Thursday, February 8, 2007
"Father Knows Best" - Part 1
Over the last year I've had a chance to talk with several dads, usually at our favorite playground here in Greenwich Village, and between the typical "dad-speak" about our spouses, sports, the weather, schools, and our kids, we began to chat about the difficult job of being a father in a place like 21st-century New York City. Moreover, we realized that our role - from the more general expectations to day-to-day responsibilities - deviated markedly from that played by our own fathers.
Like my father, born in 1930, most of our dads had been born around the onset of the Great Depression and experienced fatherhood - at least in the context of shepherding their children from birth to high school graduation - during the height of the postwar "baby boom." They had been very typical as "boomer" fathers in the sense that they attended college, worked regular "9 to 5" jobs as professionals, and, in realizing the "American Dream" of that heady period, enjoyed unprecedented job security, affordable health care, the widely advertised amenities of middle class life, and the promise of comfortable retirement.
The principal role of the postwar father was as breadwinner. They also maintained the cars - since we were two-car families now - the house, and the yard. They rarely cooked, unless called upon to man the grill at backyard cookouts, never ferried us to doctors, dentists, or after-school activities, and only occasionally accepted the responsibility of "babysitter," particularly if very small children were variables in the family equation. When necessary, they resolved sibling disputes, were consulted as disciplinarians, and offered sage advice and admonitions on myriad topics, including the triumvirate of education, dating, and sports.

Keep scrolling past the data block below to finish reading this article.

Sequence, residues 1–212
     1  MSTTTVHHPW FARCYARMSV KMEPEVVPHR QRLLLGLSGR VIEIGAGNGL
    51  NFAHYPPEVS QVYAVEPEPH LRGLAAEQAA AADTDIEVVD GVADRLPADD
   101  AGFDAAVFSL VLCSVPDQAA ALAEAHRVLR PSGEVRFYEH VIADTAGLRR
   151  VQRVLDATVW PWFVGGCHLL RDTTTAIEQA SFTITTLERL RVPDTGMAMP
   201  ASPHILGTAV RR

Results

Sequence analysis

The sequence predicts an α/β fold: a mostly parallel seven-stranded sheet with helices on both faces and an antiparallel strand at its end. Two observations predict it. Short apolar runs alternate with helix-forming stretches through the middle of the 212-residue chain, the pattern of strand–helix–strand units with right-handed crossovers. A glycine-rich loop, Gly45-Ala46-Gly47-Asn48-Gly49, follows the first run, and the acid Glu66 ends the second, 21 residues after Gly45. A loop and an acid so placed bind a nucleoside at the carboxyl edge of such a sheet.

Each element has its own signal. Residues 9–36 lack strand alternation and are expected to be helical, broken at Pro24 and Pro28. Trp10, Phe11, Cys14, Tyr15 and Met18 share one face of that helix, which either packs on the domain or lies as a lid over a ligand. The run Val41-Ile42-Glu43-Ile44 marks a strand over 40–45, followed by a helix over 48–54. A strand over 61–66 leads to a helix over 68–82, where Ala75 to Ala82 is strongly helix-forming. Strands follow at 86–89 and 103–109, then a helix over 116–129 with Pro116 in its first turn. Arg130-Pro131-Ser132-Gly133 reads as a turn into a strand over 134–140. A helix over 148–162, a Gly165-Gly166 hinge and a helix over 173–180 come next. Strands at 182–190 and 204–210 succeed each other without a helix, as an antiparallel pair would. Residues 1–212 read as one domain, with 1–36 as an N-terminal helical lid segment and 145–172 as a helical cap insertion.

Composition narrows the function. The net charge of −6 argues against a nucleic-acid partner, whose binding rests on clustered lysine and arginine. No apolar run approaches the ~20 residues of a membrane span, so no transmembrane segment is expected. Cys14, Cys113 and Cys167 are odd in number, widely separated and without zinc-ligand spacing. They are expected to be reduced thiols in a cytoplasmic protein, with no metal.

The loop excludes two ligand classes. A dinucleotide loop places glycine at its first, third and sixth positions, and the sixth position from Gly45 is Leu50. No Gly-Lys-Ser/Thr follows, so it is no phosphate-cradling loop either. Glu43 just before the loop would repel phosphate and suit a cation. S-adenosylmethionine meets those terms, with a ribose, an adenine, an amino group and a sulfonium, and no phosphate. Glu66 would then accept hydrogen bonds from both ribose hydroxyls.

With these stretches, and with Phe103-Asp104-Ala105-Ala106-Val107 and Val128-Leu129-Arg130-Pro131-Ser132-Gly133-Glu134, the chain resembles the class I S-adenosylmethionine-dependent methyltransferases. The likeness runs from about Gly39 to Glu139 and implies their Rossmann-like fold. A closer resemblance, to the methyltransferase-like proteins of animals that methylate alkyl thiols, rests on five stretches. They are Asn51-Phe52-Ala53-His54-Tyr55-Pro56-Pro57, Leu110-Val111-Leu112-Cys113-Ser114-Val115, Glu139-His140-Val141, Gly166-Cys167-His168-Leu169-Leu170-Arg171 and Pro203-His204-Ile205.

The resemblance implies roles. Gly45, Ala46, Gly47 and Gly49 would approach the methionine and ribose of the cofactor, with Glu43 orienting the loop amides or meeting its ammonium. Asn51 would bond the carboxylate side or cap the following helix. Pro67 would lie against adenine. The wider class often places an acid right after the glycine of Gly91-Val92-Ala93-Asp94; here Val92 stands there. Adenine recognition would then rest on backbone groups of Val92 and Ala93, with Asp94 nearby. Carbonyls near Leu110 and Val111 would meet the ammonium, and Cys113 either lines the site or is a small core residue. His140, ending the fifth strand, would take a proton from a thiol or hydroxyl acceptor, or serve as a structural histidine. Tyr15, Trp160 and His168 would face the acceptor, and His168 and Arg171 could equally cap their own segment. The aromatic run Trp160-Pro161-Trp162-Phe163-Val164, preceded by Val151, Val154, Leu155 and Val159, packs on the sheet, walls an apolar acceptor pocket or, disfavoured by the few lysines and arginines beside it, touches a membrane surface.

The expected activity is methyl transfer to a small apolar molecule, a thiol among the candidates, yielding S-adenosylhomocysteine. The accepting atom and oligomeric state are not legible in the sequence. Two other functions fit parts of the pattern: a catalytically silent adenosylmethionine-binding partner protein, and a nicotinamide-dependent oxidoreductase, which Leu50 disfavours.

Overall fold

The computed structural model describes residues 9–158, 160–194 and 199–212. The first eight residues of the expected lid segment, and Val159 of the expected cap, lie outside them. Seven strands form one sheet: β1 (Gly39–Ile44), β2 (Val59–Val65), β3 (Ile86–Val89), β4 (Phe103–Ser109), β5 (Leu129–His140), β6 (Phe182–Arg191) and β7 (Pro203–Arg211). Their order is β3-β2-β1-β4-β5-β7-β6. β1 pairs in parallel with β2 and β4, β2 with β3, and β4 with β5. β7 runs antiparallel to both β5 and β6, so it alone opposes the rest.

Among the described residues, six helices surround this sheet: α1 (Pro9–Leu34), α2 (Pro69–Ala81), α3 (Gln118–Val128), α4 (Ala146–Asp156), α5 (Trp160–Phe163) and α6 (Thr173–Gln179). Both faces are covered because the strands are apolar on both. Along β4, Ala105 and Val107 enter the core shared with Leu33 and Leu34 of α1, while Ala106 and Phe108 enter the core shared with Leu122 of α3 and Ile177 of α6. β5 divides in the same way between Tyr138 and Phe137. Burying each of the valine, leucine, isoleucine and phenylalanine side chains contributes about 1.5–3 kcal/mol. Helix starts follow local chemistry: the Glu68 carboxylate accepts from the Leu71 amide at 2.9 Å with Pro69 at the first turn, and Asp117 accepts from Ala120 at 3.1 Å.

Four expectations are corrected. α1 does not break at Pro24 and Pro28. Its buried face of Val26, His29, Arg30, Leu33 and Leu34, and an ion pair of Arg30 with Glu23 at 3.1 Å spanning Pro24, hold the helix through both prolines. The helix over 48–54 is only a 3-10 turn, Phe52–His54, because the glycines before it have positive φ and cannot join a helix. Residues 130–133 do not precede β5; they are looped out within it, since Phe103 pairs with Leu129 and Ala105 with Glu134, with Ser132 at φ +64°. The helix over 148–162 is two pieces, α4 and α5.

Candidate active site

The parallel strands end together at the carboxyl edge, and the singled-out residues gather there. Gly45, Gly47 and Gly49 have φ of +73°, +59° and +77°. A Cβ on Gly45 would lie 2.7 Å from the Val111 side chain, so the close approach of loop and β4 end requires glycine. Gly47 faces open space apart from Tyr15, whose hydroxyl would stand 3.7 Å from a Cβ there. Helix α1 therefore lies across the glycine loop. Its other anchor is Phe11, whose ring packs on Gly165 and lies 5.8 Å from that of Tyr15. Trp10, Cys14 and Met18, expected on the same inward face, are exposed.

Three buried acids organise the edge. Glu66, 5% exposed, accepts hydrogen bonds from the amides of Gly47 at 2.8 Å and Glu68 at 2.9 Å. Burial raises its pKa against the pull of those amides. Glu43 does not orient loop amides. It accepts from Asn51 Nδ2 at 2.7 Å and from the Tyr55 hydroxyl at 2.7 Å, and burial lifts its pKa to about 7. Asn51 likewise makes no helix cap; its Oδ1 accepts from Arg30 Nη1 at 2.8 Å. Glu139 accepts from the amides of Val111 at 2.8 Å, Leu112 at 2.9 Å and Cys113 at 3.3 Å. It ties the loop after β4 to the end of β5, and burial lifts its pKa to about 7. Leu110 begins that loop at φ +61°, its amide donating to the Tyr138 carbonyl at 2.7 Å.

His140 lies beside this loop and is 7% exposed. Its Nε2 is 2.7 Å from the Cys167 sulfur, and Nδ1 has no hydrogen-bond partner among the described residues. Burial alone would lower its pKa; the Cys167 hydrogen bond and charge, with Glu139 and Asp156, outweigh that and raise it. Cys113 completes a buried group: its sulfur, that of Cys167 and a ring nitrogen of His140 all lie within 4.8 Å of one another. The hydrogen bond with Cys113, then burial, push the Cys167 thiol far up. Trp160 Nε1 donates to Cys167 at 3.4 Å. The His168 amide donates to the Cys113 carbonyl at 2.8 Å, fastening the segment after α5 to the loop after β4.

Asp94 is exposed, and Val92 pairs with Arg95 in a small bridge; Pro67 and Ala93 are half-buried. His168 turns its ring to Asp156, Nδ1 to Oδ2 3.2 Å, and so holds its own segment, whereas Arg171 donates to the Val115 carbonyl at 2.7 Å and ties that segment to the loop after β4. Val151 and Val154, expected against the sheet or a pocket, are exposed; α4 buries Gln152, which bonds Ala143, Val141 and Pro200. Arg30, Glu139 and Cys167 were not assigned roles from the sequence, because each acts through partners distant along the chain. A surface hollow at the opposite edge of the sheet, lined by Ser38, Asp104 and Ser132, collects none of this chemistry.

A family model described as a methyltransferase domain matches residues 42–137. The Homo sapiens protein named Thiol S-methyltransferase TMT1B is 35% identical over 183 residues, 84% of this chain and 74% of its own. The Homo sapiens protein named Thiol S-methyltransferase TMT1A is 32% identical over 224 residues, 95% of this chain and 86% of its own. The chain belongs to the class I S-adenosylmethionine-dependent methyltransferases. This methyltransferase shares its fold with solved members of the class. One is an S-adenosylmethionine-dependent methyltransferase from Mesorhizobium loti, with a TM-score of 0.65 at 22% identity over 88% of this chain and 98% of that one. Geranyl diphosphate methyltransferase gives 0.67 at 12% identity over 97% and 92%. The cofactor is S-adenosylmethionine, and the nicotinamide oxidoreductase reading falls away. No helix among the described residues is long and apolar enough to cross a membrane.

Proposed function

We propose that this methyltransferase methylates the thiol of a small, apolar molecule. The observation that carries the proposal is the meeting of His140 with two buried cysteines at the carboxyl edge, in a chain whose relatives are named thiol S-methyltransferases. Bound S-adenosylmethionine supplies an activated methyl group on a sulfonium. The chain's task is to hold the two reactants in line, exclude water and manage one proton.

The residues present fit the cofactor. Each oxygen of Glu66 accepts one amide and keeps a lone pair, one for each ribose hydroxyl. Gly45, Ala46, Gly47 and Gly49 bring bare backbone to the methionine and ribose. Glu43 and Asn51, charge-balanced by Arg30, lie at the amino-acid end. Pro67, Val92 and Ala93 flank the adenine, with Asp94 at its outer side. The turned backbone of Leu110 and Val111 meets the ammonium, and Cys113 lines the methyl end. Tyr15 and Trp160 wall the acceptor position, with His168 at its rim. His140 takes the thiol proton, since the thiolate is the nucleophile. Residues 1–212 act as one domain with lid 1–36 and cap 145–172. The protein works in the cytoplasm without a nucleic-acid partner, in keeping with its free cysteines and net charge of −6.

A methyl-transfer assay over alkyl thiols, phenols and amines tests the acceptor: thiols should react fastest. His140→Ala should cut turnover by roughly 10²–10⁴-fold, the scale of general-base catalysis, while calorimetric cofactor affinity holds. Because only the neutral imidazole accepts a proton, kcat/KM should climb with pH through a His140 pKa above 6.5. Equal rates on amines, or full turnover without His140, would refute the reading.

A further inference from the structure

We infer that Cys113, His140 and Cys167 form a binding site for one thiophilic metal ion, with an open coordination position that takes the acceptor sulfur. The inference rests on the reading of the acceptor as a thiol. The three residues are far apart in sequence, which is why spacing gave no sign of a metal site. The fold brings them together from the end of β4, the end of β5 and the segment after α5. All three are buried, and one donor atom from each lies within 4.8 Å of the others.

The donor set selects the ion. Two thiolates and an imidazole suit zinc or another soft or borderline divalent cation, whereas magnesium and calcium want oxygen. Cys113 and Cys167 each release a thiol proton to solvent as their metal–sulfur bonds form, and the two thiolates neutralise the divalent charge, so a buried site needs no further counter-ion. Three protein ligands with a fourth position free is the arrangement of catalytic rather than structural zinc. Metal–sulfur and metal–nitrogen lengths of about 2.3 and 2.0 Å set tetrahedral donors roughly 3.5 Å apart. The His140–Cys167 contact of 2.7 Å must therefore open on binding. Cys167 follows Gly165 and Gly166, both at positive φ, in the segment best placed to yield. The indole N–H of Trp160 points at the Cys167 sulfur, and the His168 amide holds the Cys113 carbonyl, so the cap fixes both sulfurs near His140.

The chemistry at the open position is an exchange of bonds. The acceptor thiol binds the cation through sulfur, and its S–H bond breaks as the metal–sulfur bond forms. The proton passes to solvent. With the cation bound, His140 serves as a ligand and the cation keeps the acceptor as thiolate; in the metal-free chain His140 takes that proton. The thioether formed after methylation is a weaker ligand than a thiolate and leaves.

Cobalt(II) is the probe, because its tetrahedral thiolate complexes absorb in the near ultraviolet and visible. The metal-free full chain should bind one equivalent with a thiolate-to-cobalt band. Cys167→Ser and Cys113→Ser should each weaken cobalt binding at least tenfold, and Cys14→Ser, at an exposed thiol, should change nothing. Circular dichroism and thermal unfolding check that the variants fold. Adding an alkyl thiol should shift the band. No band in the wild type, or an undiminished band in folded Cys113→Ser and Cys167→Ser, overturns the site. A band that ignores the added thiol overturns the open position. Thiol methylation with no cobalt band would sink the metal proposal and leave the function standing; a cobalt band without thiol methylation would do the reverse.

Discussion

Beginning in the 1950s, television gave viewers a steady parade of father figures who fit neatly in this mold: Ward Cleaver in "Leave It to Beaver," Jim Anderson in "Father Knows Best," and a bevy of bumbling dads that included Danny Thomas, Ozzie Nelson, Dick Van Dyke, and Desi Arnez. Even the single fathers - Bill Bixby, Andy Griffith, Fred McMurray and Brian Keith being the most obvious - had female help from housekeepers or wise "aunts" who assumed the mantle of motherhood.
Conservative pundits and trumpeters of "family values" borne of the Reagan-era would have us believe that these family sitcoms mirrored the reality of that "golden age." Moreover, the apotheosis of the American family of the 1950s continues with a deluge of reruns. (One could also argue conversely that these shows constituted a significant portion of FCC Chairman Newton Minow's "vast wasteland" assessment of TV programming.) Yet in her groundbreaking study on families, The Way We Never Were, Stephanie Koontz declares that "Leave It to Beaver" was "not a documentary." And of course the reality of family life in the 1950s and 60s was rarely as simple as depicted in the world of sitcoms. Still, the boundaries within which television fathers operated reflected the general expectations for fathers at that time. Hence my father, and the dads of my playground peers, acted within fairly obviously defined parameters. What many of them likely did not realize at the time - unless their spouse worked full time outside the home - was that those parameters were changing and that succeeding generations of fathers in the U.S. would play a far more active role in the daily routines of parenting.
To be continued . . .